New Books Network

Thomas Hager, “Ten Drugs: How Plants, Powders, and Pills Have Shaped the History of Medicine” (Harry N. Abrams, 2019)
Behind every landmark drug is a story. It could be a researcher’s genius insight, a catalyzing moment in geopolitical history, a new breakthrough technology, or an unexpected but welcome side effect discovered during clinical trials. In his new book, Ten Drugs: How Plants, Powders, and Pills Have Shaped the History... Read More
David Sinclair, “Lifespan: Why We Age and Why We Don’t Have To” (Simon and Schuster, 2019)
Today’s guest is David Sinclair, professor of genetics at Harvard Medical School and co-director of the Paul Glenn Center Biological Mechanisms of Aging. He is widely considered on the world’s foremost experts on longevity research. A co-founder of the journal Aging and several biotech companies, he also hold 35 patents.... Read More
Nora Jaffary, “Reproduction and its Discontents in Mexico: Childbirth and Contraception from 1750 to 1905” (UNC Press, 2016)
Nora Jaffary’s Reproduction and its Discontents in Mexico: Childbirth and Contraception from 1750 to 1905 (University of North Carolina Press. 2016), tracks how medical ideas, practices, and policies surrounding reproduction changed between the late eighteenth and early twentieth centuries in Mexico. Perhaps the most important change analyzed in the book, and... Read More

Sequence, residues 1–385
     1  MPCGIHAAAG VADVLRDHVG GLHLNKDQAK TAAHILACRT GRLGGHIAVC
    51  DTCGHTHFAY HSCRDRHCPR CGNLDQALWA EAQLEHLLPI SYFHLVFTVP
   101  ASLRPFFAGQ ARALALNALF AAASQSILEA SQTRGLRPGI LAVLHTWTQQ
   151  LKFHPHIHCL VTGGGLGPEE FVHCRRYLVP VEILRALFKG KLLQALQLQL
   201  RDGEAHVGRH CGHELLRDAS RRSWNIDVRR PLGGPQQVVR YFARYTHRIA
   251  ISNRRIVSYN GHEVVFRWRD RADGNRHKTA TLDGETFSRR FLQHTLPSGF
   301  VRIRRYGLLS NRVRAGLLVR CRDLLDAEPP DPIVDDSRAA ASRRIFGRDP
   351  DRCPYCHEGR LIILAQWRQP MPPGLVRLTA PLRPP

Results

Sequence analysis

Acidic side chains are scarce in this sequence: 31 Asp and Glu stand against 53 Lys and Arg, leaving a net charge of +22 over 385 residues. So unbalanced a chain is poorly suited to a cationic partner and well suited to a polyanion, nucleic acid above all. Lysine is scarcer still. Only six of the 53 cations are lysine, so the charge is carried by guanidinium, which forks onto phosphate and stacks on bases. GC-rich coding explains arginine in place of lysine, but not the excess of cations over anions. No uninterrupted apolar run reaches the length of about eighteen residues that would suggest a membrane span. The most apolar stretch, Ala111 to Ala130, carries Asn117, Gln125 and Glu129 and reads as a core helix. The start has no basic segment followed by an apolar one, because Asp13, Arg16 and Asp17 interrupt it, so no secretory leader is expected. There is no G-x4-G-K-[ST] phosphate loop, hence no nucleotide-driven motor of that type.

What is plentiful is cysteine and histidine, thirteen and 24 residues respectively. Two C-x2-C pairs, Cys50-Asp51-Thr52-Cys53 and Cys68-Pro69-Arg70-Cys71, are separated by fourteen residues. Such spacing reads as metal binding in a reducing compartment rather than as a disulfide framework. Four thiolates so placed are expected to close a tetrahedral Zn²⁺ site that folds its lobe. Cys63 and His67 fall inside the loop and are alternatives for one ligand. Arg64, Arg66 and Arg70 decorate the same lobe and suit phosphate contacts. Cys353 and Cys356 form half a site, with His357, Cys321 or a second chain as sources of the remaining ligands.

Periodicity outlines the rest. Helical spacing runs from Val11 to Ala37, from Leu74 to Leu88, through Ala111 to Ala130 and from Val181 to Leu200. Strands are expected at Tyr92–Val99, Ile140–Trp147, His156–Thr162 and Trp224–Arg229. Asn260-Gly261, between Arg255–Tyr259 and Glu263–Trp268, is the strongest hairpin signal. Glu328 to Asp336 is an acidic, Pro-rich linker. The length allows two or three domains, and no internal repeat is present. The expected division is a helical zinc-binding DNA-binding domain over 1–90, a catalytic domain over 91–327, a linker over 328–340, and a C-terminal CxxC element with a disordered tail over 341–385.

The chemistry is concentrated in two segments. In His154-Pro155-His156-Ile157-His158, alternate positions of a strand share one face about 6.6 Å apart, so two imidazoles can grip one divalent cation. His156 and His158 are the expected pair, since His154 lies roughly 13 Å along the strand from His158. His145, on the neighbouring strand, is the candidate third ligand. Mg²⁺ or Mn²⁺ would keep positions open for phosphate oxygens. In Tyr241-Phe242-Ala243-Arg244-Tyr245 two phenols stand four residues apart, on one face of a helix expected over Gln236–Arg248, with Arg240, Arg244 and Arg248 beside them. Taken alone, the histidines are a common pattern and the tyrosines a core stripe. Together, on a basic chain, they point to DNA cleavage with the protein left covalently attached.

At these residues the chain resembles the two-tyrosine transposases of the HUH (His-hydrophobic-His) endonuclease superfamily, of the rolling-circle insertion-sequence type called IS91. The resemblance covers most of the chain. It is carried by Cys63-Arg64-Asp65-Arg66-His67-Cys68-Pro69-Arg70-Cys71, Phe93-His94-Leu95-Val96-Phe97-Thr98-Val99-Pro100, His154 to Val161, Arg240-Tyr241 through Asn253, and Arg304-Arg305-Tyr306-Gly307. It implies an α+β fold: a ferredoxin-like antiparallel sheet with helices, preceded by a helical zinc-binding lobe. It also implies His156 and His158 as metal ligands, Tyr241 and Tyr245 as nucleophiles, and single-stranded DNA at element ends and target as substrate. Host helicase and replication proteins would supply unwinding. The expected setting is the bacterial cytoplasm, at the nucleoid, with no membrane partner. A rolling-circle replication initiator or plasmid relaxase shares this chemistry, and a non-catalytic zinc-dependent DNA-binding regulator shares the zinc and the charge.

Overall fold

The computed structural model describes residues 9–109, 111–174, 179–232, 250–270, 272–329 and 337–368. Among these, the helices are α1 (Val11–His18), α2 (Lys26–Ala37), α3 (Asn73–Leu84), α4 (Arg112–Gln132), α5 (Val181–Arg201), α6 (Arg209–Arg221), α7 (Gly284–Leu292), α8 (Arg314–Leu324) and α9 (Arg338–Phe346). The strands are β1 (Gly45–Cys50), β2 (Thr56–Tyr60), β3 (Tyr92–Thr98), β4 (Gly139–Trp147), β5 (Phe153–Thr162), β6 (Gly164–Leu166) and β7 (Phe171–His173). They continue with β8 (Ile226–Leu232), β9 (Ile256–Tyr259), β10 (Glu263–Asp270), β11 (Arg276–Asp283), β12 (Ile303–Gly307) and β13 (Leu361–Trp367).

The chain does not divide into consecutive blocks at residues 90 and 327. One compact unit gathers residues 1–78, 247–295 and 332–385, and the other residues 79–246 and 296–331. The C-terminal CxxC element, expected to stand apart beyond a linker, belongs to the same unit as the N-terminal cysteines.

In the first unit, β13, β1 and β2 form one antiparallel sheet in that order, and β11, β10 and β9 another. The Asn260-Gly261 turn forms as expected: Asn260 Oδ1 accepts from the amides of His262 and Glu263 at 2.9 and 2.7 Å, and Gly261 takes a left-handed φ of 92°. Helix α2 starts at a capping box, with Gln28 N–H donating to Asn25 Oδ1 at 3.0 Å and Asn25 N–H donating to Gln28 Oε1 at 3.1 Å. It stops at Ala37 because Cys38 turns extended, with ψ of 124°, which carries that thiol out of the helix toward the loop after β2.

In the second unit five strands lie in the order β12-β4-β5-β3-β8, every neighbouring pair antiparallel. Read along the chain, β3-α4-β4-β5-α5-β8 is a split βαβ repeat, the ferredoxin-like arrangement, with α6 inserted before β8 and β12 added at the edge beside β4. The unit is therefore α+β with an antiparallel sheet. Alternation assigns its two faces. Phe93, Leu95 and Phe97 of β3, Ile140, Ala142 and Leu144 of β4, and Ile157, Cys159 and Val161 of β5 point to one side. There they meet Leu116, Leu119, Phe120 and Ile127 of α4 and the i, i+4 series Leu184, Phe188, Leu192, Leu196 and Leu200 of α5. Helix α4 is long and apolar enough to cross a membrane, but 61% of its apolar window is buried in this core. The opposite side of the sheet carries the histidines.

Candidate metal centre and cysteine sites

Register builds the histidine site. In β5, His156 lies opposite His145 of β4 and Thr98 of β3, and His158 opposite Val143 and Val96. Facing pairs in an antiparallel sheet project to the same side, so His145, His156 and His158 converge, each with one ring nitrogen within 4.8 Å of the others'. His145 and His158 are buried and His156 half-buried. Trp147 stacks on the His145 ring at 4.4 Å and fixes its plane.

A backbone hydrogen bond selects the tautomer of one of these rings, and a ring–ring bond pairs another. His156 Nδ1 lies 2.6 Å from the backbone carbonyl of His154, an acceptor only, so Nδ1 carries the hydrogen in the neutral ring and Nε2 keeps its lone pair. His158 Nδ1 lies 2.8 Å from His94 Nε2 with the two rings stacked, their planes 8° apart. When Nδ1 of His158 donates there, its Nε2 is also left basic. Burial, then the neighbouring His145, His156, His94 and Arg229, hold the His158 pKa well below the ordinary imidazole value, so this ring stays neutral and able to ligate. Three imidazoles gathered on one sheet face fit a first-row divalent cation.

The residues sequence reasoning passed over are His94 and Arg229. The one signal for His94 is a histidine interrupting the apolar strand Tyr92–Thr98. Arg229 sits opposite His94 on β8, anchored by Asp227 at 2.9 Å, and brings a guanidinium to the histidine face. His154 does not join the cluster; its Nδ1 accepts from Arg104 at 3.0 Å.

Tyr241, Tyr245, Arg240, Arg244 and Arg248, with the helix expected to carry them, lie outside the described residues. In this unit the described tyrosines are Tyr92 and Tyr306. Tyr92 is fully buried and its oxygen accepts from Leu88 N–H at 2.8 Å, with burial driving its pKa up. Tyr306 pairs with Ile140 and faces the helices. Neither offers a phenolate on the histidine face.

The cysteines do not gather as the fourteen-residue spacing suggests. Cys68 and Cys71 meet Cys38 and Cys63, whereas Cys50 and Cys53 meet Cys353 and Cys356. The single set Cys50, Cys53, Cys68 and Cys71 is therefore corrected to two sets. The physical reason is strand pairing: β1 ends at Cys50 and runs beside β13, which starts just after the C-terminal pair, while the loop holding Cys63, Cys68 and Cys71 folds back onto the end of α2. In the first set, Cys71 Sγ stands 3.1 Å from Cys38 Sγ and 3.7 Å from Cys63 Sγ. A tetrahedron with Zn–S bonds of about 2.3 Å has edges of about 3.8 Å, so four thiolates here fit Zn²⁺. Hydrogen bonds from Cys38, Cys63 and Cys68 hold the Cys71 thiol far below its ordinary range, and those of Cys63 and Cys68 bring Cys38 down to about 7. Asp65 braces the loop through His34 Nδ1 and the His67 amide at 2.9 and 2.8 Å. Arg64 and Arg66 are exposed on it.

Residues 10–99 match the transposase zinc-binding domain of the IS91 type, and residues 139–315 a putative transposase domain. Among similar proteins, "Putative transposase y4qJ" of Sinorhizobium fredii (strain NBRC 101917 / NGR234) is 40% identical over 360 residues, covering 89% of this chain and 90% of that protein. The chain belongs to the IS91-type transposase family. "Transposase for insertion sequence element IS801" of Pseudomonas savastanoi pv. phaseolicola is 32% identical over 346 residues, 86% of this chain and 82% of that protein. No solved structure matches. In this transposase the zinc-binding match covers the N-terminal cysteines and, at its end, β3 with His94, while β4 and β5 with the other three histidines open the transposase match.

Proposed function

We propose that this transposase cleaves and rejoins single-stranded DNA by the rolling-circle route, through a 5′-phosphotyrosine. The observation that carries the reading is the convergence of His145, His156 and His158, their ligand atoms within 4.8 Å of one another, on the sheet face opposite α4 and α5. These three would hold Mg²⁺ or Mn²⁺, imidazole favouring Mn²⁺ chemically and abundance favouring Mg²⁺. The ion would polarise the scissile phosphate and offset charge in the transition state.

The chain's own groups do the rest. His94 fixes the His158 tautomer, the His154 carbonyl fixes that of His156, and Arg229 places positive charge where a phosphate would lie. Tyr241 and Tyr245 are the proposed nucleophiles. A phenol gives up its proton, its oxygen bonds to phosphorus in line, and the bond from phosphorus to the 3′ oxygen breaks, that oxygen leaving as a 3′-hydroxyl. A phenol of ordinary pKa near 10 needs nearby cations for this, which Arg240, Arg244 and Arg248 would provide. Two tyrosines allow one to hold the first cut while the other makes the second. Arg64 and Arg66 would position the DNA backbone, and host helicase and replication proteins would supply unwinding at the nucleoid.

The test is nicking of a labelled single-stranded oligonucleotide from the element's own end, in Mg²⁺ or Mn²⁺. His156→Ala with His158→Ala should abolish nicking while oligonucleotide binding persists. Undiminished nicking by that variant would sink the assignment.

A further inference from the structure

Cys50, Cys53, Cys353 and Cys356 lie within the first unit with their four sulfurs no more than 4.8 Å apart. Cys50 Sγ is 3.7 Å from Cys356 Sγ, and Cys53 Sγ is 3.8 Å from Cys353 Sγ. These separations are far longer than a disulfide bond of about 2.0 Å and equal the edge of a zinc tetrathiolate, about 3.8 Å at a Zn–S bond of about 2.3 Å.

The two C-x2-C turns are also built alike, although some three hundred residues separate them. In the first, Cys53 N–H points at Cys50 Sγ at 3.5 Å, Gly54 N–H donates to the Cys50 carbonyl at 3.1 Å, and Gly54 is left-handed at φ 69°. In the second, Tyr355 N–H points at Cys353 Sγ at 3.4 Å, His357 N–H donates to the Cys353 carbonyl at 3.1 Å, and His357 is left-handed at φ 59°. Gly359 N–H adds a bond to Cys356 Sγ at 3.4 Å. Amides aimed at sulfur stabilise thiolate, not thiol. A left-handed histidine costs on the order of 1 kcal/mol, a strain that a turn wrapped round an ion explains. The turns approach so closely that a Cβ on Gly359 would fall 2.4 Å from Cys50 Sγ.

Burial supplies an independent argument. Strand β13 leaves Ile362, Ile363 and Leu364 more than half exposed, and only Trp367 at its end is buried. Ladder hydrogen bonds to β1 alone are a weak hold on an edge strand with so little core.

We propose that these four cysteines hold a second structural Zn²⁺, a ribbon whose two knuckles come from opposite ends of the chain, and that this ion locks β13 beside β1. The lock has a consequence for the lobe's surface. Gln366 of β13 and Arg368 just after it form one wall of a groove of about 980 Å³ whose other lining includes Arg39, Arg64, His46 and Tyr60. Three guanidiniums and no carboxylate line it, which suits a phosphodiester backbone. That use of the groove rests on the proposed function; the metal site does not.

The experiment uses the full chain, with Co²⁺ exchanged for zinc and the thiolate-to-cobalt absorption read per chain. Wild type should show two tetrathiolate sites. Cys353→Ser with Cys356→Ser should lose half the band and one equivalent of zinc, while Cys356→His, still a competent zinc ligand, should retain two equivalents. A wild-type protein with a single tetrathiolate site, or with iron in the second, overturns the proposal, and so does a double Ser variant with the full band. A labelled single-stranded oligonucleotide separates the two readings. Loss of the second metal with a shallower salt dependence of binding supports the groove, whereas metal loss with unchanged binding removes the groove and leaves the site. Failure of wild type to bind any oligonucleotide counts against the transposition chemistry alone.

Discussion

Judith Grisel, “Never Enough: The Neuroscience and Experience of Addiction” (Doubleday, 2019)
Not a lot of authors go from spending their early twenties homeless and addicted to cocaine to becoming one of the world’s leading researchers on the neuroscience of addiction. But Dr. Judith Grisel, in her new book Never Enough: The Neuroscience and Experience of Addiction (Doubleday, 2019), uses her personal... Read More
Travis Rieder, “In Pain: A Bioethicist’s Personal Struggle with Opioids” (Harper Collins, 2019)
On a spring day in 2015, Dr. Travis Rieder’s life changed. A motorcycle accident, a shattered foot, and a long series of surgeries later, the Johns Hopkins University bioethicist had a far deeper understanding of opioid use in America than he ever planned. In his new book In Pain: A... Read More
Harriet Washington, “A Terrible Thing to Waste: Environmental Racism and Its Assault on the American Mind” (Little, Brown Spark, 2019)
Environmental racism is visible not only as cancer clusters or the location of grocery stores. It is responsible for the reported gap in IQ scores between white Americans and Black, Latinx, and Native Americans. So argues science writer Harriet Washington in A Terrible to Waste: Environmental Racism and Its Assault... Read More
Shai Lavi, “Bioethics and Biopolitics in Israel: Socio-legal, Political and Empirical Analysis” (Cambridge UP, 2019)
Once upon a time, or so we’ve been told, medical ethics were confined to the patient-doctor relationship. As long as doctors were true to their Hippocratic oaths, as long as they acted with compassion and wisdom, then all expectations were met. Life is more complicated today, and so is healthcare:... Read More